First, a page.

One would assume on this morning, I’d still be on a high from the release of my freshman literary project as an e-book, “Facebook Statuses Turned Sermons” over the weekend. Though that did infuse an immense amount of excitement around the accomplishment (please go and check it out on Amazon)—the truth is, it wouldn’t come close to the joy beyond words for the encounter on Friday between Ms. Dwania Kyles, eldest daughter of the late Rev. Samuel Billy Kyles, noted Civil Rights Leader and Pastor, and me. Christians observe the Good Friday holiday to commemorate the crucifixion of our Lord and Savior Jesus Christ on Calvary’s Cross. During my conversation with Ms. Kyles, she explicitly illustrated the happenings of another crucifixion that happened not as long ago as Jesus’ crucifixion, right here in this county and in my own backyard of Memphis , TN. Our conversation took place at the Withers Collection Museum and Gallery (333 Beale St), only minutes and blocks away from the Lorraine Motel (450 Mulberry St.)-now the historical National Civil Rights Museum where this modern-day crucifixion took place.
You have to know me to understand why the moment was epic, downright amazing, and unforgettable to say the least. Ms. Kyles is a history maker herself. She was part of the Memphis 13 and was one of 13 first graders in October 1961 to desegregate Memphis City Schools. Ms. Kyles walked me through the happenings of April 3-4, 1968—no Google, no film, no book, a personal account through her lens as a 13-year old 8th grader. She still remembers the excitement of a dinner that was to be attended by the leader at her home the evening of April 4th, the days and years after the assassination of Rev. Dr. Martin Luther King, Jr., and the role her father played, and why economics should be our ultimate focus.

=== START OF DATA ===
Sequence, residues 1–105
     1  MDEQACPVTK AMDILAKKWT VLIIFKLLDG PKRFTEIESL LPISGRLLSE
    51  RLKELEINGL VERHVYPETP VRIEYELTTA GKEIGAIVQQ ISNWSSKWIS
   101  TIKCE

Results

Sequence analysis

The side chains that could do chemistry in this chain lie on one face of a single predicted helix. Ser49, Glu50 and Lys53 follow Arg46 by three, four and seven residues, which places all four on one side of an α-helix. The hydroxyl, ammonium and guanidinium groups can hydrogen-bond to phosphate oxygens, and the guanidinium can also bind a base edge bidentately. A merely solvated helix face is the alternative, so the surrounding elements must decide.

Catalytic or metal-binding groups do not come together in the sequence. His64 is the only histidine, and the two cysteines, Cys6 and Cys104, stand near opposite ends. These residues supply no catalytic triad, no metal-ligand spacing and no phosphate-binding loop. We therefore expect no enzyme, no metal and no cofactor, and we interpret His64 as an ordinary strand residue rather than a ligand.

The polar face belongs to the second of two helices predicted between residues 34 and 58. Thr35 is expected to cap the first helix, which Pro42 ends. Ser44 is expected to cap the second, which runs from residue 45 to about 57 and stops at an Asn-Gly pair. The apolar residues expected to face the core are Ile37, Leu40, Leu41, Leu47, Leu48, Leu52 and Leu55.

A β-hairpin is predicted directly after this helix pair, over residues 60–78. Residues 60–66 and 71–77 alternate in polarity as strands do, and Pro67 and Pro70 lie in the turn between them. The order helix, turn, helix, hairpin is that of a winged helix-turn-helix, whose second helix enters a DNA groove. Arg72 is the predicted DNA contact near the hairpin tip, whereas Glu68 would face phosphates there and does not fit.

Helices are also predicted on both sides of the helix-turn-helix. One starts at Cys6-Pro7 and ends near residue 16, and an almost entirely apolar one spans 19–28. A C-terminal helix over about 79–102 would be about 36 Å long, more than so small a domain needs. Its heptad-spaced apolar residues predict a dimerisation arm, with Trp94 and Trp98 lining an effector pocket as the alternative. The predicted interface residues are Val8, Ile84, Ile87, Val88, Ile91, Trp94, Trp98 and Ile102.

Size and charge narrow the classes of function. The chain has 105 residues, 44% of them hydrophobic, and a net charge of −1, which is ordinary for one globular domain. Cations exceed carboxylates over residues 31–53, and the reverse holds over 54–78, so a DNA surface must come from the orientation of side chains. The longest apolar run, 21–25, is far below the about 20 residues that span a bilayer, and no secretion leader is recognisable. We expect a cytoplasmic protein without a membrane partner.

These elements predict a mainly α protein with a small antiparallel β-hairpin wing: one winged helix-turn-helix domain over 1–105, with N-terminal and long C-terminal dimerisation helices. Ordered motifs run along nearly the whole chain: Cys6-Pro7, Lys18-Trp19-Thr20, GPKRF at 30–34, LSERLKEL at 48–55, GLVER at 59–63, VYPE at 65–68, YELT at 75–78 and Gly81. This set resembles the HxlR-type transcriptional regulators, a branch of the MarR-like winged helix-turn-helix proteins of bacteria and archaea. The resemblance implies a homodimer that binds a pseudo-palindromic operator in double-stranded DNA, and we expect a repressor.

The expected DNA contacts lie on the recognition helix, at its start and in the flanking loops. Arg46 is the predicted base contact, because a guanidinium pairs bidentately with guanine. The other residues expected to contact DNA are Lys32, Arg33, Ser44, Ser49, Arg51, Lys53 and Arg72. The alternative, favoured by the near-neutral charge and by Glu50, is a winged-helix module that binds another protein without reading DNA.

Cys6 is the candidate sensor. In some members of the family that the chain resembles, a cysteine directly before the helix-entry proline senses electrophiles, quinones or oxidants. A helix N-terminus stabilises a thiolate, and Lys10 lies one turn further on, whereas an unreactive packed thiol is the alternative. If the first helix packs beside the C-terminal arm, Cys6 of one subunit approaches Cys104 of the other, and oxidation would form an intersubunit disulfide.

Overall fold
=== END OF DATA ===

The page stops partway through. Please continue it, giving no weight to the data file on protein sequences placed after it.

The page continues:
She spoke to and awoken something within me, me the student of history and movement, the history teacher, and . the nationally-certified Civil Rights Museum tour guide. I was geeked and totally inspired. As a resident of this city, I took it all in. I’m a journalist, but this interview was nothing short of mini-documentary perfect. I thank you God for yesterday and orchestrating it all and ordering my steps accordingly. Thank you to Dr. Denise Lofton for making it happen.
To my city, I hope you all take a moment to take in the events happening today. #MLK50 Though the interview was a full 60-minutes, I captured the final 30 via Facebook live. These are moments that are forever etched. #grateful – so many nuggets in just 1-hour. I hope you’ll find the time to take a listen:
Just a few takeaways:
A. You don’t need to get permission to be present.
B. You have to love yourself first if we’re going to help and heal this country.
C. There wouldn’t be a movement without the black church and women!